The camellia is an evergreen flowering plant native to Asia and often cultivated as an ornamental shrub for gardens in milder climates. It is particularly popular in the Southeastern United States. While the camellia is a fairly robust plant, it can be afflicted by several diseases and insect pests. Common camellia diseases include flower and petal blight, canker and dieback, root rot, leaf gall and virus variegation. Some of these diseases can be successfully cured through chemical treatments and selective pruning.
Flower and petal blight is a serious camellia disease that affects the blooms of the plant. This blight is caused by a fungus that develops along the flowers, causing them to turn brown. Once mature, this fungus will release spores that may infect other plants in the area or different parts of the same plant. While opinions vary on the application of fungicides to cure this disease, many horticulture specialists recommend removing infected areas by hand, disposing of dead and diseased foliage and replacing the mulch around the bottom of the plant. The gardener also may wish to notify his neighbors of the disease so they can look for signs of this fungus and proceed accordingly.
Another of the serious camellia diseases is known as canker and dieback. This disease also is caused by a fungus, although this one damages the stems and bark of the plant rather than the blooms, and plants with this disease suffer from leaves turning yellow and wilting. Cankers form along the stems of the plant and may eventually kill the camellia if left untreated. The fungus thrives in heat and humid weather, making this disease a serious problem in the Southeastern U.S. Horticulturalists recommend pruning away infected regions and applying preventive fungicide during the spring.
Areas with poor soil conditions can leave a camellia vulnerable to root rot. This fungus can cause yellow leaves, retarded growth and, in serious cases, the death of the plant. The disease can be controlled by improving soil conditions and applying fungicides to the root areas, although this will not eliminate the fungus. The gardener may wish to consult with a landscaping company when considering treatment options.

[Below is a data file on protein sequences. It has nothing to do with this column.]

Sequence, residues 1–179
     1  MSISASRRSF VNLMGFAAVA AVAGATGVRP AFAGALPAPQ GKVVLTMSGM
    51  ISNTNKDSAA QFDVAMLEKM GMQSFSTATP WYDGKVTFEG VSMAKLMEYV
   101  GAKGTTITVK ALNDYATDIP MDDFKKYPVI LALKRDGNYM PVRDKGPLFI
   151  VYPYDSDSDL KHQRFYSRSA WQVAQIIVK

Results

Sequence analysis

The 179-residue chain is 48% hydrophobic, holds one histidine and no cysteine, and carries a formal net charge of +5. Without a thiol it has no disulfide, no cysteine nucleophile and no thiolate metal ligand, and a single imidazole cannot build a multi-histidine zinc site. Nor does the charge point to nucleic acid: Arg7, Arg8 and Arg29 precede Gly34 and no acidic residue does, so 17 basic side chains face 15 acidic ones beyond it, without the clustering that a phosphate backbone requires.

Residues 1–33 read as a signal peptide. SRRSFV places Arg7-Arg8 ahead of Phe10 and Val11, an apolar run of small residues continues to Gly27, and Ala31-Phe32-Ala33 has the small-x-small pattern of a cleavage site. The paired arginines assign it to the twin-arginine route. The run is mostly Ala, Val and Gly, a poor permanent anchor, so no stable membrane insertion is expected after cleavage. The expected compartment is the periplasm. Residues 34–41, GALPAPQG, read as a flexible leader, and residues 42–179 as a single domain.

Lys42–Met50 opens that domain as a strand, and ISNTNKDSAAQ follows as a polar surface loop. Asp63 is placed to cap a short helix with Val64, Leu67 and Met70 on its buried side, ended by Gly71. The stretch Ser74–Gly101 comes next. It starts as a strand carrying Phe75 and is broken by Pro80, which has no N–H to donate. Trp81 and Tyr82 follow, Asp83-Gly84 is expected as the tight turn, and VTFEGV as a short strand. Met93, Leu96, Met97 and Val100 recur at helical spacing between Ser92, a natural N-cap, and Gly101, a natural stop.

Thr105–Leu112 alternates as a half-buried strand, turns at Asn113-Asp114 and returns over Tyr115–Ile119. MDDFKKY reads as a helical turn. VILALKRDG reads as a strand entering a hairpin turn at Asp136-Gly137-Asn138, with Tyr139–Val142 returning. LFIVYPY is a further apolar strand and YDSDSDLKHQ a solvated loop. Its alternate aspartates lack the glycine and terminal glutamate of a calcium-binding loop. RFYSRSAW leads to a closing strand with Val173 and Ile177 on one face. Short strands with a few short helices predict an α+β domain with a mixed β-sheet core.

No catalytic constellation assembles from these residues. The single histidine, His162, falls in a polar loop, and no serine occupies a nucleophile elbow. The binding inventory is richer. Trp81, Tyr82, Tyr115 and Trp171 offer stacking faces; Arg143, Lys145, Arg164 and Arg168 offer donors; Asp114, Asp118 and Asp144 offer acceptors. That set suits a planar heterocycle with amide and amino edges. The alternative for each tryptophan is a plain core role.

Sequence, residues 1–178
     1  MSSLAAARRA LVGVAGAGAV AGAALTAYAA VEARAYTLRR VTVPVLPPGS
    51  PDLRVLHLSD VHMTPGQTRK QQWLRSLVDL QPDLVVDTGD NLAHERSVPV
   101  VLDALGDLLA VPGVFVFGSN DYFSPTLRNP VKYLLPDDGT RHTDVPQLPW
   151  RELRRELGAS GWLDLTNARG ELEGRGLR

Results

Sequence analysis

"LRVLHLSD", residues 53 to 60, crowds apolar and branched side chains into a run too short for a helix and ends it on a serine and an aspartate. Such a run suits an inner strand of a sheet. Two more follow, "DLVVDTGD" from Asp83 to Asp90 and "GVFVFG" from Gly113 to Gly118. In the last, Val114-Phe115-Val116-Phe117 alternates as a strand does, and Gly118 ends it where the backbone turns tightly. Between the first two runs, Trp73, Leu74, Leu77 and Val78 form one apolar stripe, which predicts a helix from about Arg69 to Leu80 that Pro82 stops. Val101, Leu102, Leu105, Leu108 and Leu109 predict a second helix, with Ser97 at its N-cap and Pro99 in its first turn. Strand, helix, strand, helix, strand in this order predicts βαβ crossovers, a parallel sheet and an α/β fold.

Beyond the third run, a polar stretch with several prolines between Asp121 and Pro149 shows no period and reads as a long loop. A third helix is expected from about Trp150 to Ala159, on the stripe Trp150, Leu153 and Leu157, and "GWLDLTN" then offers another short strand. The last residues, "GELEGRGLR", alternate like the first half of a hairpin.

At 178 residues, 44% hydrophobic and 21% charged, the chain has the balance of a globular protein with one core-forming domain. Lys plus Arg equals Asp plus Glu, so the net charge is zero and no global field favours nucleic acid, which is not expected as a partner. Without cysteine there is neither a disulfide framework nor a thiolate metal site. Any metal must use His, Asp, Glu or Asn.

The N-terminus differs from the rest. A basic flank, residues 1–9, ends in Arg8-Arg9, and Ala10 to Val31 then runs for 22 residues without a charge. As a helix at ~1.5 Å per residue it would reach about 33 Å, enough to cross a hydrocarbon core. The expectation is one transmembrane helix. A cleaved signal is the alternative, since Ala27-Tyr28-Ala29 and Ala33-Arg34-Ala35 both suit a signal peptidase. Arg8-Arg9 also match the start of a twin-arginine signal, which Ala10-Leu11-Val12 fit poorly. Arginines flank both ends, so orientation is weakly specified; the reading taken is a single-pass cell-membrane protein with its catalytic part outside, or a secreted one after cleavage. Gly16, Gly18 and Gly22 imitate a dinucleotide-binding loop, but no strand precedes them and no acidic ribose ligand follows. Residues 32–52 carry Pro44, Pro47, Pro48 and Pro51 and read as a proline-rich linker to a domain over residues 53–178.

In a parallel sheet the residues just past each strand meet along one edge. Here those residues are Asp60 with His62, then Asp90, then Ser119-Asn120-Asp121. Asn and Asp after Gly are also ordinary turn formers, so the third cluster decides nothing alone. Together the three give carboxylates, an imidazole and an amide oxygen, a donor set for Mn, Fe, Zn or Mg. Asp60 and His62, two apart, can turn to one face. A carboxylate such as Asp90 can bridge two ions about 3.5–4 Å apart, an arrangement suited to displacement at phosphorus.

Leaf gall is another of the fungal camellia diseases that usually affects new growth on the plant during the spring. The fungus may cause new leaves to become discolored or distended. While this disease can appear alarming to gardeners, leaf gall is generally considered a minor condition and will typically resolve itself after a few weeks. Removing and disposing of infected leaves may help prevent the recurrence of the disease in the future.
Although most serious camellia diseases are caused by species of fungi, the shrub also suffers from virus variegation. These viruses cannot be cured and may cause the discoloration of both leaves and flowers. The virus also can slow growth and weaken the plant’s resilience to drought and other diseases. Gardeners should buy plants from reputable sources and carefully inspect new purchases to help avoid this illness.